While Halladay is the consummate ace both in real life and in fantasy, Braden and Galarraga present a bit of a conundrum. Neither of them had so much as pitched a shutout prior to their flawless performances last month. That's why you should be skeptical of their true potential to help your squad.
Braden is 4-5 with a 3.77 ERA and 1.09 WHIP this season, but his success has come largely because of his ability to limit walks (just 13 in 76 1/3 innings). The 26-year-old thrives on control and pitches for a team with one of the lowliest offenses in the league — that means his only reliable contributions in fantasy come in the ERA and WHIP department. He's a solid option for owners who stream pitchers based on matchups, particularly when pitching at home against a lefty-heavy lineup, but Braden doesn't have enough upside to make owning him worthwhile in most leagues.
Galarraga, on the other hand, is a more interesting option because the Tigers have enough thump to give him consistent support. The 28-year-old's rotation spot is secure after Detroit sent Dontrelle Willis to the Diamondbacks in a trade, and, when healthy, Galarraga has proven effective, most notably by collecting 13 wins while logging a 3.73 ERA and 1.19 WHIP in 2008. He, too, doesn't have the stuff to dominate big-league lineups, but might be worth grabbing if your pitching staff is running thin. Just use caution when deciding whether to start Galarraga, especially if he's facing one of the AL's powerhouses.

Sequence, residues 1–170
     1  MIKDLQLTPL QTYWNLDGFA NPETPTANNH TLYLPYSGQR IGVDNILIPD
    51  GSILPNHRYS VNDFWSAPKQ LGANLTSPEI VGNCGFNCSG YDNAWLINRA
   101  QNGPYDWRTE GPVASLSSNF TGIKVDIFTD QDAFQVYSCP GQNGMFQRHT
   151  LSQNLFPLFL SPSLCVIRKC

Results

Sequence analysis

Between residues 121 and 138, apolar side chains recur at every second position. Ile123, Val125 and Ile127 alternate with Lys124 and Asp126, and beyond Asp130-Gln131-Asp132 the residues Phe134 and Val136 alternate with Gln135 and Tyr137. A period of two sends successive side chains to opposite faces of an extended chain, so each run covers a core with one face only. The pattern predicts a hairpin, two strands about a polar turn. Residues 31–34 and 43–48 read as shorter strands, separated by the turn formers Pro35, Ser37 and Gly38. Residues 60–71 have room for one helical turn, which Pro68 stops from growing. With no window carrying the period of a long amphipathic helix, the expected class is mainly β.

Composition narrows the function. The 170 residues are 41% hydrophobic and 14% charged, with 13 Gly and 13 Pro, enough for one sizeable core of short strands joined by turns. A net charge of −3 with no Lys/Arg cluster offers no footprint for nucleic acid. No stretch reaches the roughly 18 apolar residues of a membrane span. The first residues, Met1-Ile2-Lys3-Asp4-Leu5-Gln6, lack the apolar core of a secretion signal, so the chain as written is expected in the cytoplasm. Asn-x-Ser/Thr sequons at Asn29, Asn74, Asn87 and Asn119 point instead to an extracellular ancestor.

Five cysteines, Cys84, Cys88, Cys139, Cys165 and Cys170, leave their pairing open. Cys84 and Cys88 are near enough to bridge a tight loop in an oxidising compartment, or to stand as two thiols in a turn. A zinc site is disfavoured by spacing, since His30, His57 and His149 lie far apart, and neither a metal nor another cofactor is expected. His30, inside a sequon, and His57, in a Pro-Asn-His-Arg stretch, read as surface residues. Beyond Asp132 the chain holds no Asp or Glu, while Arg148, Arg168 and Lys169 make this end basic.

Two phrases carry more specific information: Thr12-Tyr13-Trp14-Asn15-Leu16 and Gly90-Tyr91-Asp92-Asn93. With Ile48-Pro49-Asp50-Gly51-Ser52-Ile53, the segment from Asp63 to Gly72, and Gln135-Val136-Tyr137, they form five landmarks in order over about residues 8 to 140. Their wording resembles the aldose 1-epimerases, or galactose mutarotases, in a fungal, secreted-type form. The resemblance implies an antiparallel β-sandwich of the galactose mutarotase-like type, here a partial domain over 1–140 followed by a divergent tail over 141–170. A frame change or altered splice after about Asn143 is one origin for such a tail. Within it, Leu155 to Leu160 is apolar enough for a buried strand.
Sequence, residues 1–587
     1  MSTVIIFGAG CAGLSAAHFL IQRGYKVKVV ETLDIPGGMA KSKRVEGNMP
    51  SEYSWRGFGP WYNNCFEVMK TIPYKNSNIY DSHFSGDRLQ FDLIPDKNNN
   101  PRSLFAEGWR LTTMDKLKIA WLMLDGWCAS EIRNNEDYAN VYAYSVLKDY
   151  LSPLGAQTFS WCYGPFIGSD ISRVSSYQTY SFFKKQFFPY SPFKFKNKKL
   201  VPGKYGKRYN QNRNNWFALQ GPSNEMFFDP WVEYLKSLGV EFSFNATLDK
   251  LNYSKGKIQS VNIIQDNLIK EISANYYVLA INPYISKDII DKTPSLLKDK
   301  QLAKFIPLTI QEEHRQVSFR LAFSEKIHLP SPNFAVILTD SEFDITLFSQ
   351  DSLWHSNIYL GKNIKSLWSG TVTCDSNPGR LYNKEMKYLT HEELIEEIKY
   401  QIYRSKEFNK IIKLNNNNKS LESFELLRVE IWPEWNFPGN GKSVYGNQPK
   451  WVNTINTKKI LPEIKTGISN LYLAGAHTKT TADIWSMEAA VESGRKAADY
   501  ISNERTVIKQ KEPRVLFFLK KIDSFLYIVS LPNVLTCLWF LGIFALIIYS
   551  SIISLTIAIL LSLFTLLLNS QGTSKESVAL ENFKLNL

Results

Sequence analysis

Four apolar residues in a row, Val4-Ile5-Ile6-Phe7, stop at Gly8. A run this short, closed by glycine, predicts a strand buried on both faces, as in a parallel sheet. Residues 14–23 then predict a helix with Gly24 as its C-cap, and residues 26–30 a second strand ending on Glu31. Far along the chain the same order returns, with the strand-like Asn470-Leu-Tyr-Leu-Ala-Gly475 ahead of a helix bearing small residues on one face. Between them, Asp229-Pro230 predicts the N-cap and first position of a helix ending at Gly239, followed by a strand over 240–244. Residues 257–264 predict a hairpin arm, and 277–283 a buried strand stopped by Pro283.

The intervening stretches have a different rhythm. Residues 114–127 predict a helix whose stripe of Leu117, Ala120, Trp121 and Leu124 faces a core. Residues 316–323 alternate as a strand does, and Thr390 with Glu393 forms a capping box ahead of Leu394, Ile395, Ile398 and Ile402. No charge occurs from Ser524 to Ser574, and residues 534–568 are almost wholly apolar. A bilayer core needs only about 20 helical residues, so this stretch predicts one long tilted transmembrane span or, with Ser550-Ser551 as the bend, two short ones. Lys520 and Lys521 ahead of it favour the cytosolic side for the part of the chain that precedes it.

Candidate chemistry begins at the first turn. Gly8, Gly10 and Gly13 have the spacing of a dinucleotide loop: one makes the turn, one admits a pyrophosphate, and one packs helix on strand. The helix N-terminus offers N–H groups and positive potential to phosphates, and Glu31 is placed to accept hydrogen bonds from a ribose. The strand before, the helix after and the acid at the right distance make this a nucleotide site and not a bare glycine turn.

Now, it's time to check on the rest of the league.
As always, the Three Up, Three Down segment will highlight the players who have been peaking and slumping of late, and the Pickups section will feature three players who might be worth plucking from the free agent list depending on your team's needs. Finally, you'll find my suggestions for owners who are streaming pitchers in Down the Stream.
Miguel Cabrera, first baseman, Tigers
If you're wondering whether it's too early to start discussing Cabrera as a Triple Crown threat, no, it's not. The Tigers first baseman is batting .355 (27 points off the pace set by Minnesota's Justin Morneau), with 16 homers (two fewer than Toronto's Jose Bautista) and 51 RBIs (the highest total in the majors). And Cabrera isn't showing any signs of slowing down, as he's gone 11-for-23 (.478 average) at the plate over the last six games.
Josh Johnson, starting pitcher, Marlins
If Johnson hadn't been the victim of an error by Cameron Maybin, Halladay's perfecto might not have been enough to get a win. That unearned run was the only one Johnson allowed over 31 innings, before the Brewers got to him on a sacrifice fly on Thursday. With 77 strikeouts and just three homers allowed over 77 innings of work, the 26-year-old flamethrower is right there with Halladay and Ubaldo Jimenez as one of the best pitchers in the NL.
Clay Buchholz, starting pitcher, Red Sox
Buchholz has made a habit of dominating the Orioles throughout his young career, but his shutout on Friday was still notable because it was his first since he no-hit Baltimore back in 2007. The 25-year-old still isn't fanning enough batters (just 49 in 71 2/3 innings), but because he's consistently kept the ball on the ground and in the yard, Buchholz is tied with the Rays' David Price atop the AL leaderboard with eight wins.
Denard Span, outfielder, Twins